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Fathers of the Church

Letter CXLIII. to Andrew, Monk of Constantinople

Description

Theodoret’s letters are a mine of information for the history of the fifth century, of the author’s life and of the history of dogma in general. This large correspondence is distinguished for its unpretentious learning, felicitous diction and perfect grace of style. (Quasten) Here Theodoret expresses his desire to begin a correspondence with Andrew, of whose orthodoxy and character he has heard good reports.

Provenance

Theodoret of Cyrus (c. 393-466), the wise and zealous bishop of Cyrus, a small town near Antioch, was the last great theologian of the school of Antioch. Although he first considered Alexandrian Christology dangerous, and refused to condemn Nestorius until the Council of Chalcedon, his commitment to the correct doctrine of the Incarnation should not be questioned. As late as the 14th century more than 500 of his letters were extant, of which we still have 232. The present letter was written after Theodoret’s recall from exile and before the Council of Chalcedon.

by Theodoret in 450-451 | translated by Blomfield Jackson

I have never seen your piety nor have we ever communicated by letter, but I have become warmly attached to you. What has wrought the charm and continues to inflame it is the report unanimously brought by the tasters of your honey. All express admiration of the orthodoxy of your faith, the brightness of your life, the constancy of your soul, the harmoniousness of your character, the attractiveness and sweetness of your society and all the other characteristics of the true foster child of philosophy. For all these reasons I am attached to your godliness, and my longing has made me even begin a correspondence; but, my dear sir, grant me as soon as possible what I desire and let me have written communication from you. For when friends are at a distance considerable comfort is given them by epistolary communication. You will write to no man of heterodox opinions, but to one nurtured in the teaching of the apostles and preacher not of a quaternity but of a Trinity, for in reality I see little difference in the impiety of those who have the hardihood to endeavour to contract into one the two natures of the Only-begotten and those who endeavour to divide our Lord Jesus Christ, the Son of the living God, God the Word made man, into two sons; if such indeed there be; I cannot think so; but Arians, Eunomians, and Apollinarians too have ever shamelessly fabricated this slander against the Church, and indeed laborious students may easily perceive that our far famed Fathers, lights of the churches, laboured at the hands of the foes of the truth under this accusation which is now levelled against me by the most excellent champions of the new fangled heresy. Our wise Lord has laid bare their impiety, for He could not endure to confirm the unholy heresy by His long suffering. Be sure then, sir, that you will be writing to one of like sentiments with your own; and of this you can easily assure yourself from my copious writings.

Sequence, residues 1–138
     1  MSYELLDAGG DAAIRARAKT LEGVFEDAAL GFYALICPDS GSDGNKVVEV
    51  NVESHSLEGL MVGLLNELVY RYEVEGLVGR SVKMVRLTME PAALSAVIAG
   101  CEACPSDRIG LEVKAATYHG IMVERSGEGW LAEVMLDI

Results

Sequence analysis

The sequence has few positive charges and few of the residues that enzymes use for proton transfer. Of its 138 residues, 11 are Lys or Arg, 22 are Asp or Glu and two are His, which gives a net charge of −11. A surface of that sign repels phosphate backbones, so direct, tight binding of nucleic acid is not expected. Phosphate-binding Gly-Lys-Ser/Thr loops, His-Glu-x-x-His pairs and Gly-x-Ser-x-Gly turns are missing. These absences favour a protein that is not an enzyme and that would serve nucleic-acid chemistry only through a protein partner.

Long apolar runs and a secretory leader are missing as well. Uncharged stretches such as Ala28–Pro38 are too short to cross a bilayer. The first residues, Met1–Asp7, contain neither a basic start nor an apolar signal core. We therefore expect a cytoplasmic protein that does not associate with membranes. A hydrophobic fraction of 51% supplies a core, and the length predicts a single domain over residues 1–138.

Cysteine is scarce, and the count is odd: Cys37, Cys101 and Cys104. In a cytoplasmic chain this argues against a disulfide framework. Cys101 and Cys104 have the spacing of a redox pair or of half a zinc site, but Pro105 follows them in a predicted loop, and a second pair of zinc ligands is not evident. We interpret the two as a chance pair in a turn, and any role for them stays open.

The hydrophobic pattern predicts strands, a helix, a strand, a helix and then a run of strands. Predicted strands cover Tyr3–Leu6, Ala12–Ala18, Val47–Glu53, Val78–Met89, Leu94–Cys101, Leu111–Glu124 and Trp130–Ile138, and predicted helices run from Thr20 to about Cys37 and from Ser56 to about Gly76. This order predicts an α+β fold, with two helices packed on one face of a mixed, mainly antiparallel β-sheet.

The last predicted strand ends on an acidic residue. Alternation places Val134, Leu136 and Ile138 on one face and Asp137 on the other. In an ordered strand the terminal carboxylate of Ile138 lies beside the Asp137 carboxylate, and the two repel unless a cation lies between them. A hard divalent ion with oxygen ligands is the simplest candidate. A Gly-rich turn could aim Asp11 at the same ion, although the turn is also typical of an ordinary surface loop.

Write then to me in return, and again your letter, by God's leave, shall serve to kindle affection. And before you write, give me the help of your prayers, and beseech our good Lord to guide my feet into the right road, that I may travel the rest of my journey in accordance with His laws. You who have won right of access from your unstained life will easily persuade Him Who is eager to give us His good gifts.

Taken from "The Early Church Fathers and Other Works" originally published by Wm. B. Eerdmans Pub. Co. in English in Edinburgh, Scotland, beginning in 1867. (NPNF II/III, Schaff and Wace). The digital version is by The Electronic Bible Society, P.O. Box 701356, Dallas, TX 75370, 214-407-WORD.